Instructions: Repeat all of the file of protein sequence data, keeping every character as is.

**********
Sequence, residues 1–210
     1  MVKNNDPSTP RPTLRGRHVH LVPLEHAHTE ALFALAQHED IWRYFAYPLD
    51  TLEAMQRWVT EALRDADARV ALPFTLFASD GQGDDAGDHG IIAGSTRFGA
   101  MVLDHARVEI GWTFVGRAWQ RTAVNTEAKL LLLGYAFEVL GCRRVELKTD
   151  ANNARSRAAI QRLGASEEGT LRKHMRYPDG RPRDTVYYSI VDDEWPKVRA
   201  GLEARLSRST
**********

Sequence, residues 1–210
     1  MVKNNDPSTP RPTLRGRHVH LVPLEHAHTE ALFALAQHED IWRYFAYPLD
    51  TLEAMQRWVT EALRDADARV ALPFTLFASD GQGDDAGDHG IIAGSTRFGA
   101  MVLDHARVEI GWTFVGRAWQ RTAVNTEAKL LLLGYAFEVL GCRRVELKTD
   151  ANNARSRAAI QRLGASEEGT LRKHMRYPDG RPRDTVYYSI VDDEWPKVRA
   201  GLEARLSRST